Workday, by comparison, is betting that it can integrate acquired applications (like Adaptive Insights, for planning) to gain functionality that Oracle Cloud already offers. Even if those bets pay off—and these types of integration efforts are almost never an easy task—Workday is still playing catch-up. As Oracle keeps the pedal down on its own innovation engine, industry analysts have noted that Workday’s portfolio of applications is not completely comprehensive, that Workday has functional gaps compared to other HCM vendors, and the extent of support for use cases for emerging technologies such as adaptive intelligence, machine learning, or digital assistants, is not as strong as competitors like Oracle.
In the world of cloud applications, customizations are the enemy of innovation. One of the biggest benefits of software-as-a-service is that the cloud provider updates the software on a regular basis. If you’ve changed the underlying code, an update can cause your painstaking customizations to break.
Yet businesses invest a fortune to stand apart from competitors. Your business applications should support those efforts—not undermine them. Rather than customizing your cloud ERP or HCM applications, you can extend them using platform-as-a-service (PaaS). With PaaS, you can build new capabilities that live outside of your core applications, meaning you can upgrade your SaaS environment without affecting your extended functionality.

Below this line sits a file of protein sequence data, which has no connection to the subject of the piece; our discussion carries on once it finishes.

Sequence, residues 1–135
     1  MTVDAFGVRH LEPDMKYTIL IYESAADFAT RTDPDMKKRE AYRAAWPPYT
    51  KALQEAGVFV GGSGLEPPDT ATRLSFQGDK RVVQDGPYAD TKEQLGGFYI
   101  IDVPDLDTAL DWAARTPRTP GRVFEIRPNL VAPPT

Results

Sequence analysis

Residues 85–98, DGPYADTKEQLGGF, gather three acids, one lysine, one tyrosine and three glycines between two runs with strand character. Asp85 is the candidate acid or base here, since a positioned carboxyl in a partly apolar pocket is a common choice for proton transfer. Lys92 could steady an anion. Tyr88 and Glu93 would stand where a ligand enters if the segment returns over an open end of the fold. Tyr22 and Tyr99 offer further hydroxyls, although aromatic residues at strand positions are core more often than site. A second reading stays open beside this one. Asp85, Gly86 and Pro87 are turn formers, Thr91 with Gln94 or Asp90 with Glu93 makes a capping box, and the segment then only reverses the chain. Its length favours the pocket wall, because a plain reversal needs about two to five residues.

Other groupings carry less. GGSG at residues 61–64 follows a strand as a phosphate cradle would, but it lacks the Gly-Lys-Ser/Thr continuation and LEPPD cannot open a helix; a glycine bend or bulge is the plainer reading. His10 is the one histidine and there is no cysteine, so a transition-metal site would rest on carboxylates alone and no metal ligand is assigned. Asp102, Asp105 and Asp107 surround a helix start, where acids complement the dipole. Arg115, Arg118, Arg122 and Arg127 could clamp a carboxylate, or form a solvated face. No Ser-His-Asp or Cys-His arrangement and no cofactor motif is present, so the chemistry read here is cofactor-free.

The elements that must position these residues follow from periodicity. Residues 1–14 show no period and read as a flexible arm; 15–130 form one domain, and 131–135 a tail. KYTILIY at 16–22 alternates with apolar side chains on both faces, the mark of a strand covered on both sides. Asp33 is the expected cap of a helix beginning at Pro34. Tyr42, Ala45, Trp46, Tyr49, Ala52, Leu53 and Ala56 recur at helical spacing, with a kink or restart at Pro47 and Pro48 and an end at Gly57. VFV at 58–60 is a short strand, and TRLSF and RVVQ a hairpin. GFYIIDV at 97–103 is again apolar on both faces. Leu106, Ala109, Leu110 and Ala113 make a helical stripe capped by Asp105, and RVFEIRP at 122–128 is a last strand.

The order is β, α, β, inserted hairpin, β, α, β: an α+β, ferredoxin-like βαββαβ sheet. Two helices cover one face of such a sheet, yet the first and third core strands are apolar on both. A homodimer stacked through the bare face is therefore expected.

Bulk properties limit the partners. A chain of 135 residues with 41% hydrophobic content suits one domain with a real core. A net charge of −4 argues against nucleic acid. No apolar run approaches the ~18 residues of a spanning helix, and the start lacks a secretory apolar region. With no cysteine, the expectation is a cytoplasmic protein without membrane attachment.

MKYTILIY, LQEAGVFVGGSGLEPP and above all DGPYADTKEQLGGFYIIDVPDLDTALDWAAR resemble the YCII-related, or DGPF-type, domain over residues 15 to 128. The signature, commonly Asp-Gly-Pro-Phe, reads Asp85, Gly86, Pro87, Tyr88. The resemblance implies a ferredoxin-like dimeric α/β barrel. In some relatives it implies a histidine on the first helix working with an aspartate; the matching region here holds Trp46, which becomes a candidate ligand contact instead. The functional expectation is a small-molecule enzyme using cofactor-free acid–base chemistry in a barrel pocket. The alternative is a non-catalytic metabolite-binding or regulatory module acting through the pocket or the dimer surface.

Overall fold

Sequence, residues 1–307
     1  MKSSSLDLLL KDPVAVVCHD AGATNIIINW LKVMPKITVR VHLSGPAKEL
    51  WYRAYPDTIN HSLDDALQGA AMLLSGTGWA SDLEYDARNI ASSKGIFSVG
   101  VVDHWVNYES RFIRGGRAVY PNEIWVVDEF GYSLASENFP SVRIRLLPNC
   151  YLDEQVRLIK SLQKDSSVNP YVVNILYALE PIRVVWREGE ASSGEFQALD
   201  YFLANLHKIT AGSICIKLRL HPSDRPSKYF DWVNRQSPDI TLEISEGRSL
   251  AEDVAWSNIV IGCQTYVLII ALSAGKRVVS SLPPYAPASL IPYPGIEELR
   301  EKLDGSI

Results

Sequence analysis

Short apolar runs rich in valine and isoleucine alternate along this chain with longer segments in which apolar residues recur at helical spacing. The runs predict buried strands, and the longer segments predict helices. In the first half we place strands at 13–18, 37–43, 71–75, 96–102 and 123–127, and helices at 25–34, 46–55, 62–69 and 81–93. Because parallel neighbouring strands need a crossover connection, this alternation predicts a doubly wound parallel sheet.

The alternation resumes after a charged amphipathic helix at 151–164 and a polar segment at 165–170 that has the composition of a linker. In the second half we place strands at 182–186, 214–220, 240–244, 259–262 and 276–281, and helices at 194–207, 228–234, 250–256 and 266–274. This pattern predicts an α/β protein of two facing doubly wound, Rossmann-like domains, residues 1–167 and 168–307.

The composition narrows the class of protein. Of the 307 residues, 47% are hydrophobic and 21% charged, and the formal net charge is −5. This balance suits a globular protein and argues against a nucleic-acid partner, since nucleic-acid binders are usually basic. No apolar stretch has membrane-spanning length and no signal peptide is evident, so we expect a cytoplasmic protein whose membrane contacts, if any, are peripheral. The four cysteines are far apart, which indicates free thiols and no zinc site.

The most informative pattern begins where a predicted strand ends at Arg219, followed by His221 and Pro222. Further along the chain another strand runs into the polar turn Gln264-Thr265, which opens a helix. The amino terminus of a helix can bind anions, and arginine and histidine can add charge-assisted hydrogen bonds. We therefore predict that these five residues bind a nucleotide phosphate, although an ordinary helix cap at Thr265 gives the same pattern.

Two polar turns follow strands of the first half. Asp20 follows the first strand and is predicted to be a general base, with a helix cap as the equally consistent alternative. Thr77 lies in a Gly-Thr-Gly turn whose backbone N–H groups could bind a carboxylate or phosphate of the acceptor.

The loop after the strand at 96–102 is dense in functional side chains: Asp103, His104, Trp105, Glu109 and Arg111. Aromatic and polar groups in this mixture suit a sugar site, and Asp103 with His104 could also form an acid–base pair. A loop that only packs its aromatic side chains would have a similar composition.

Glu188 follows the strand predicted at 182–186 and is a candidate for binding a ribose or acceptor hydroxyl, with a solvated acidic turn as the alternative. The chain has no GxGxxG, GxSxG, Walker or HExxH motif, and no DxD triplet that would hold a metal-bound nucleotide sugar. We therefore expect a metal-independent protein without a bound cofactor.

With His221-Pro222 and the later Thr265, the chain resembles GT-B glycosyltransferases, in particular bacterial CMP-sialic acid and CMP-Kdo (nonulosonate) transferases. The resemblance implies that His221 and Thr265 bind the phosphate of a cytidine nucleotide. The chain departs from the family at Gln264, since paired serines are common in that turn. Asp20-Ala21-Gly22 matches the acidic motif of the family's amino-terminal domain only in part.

Oracle offers its own cloud platform to let you build extensions for your Oracle Cloud applications. Workday’s platform is still in limited availability; until it is generally available, customers who would like to expand their Workday applications must use a set of third-party integration tools.
Analyst reports reveal that Workday is missing some mainstream capabilities that Oracle offers today—and, in many cases, has offered for years. ERP users looking for quote-to-cash, order management, or inventory valuation tools won't find these capabilities in Workday; neither will HCM users looking for HR applications with complex scheduling requirements, HR case management, HR Help Desk, Advanced HCM Controls, HR Risk & Compliance, or work-life solutions.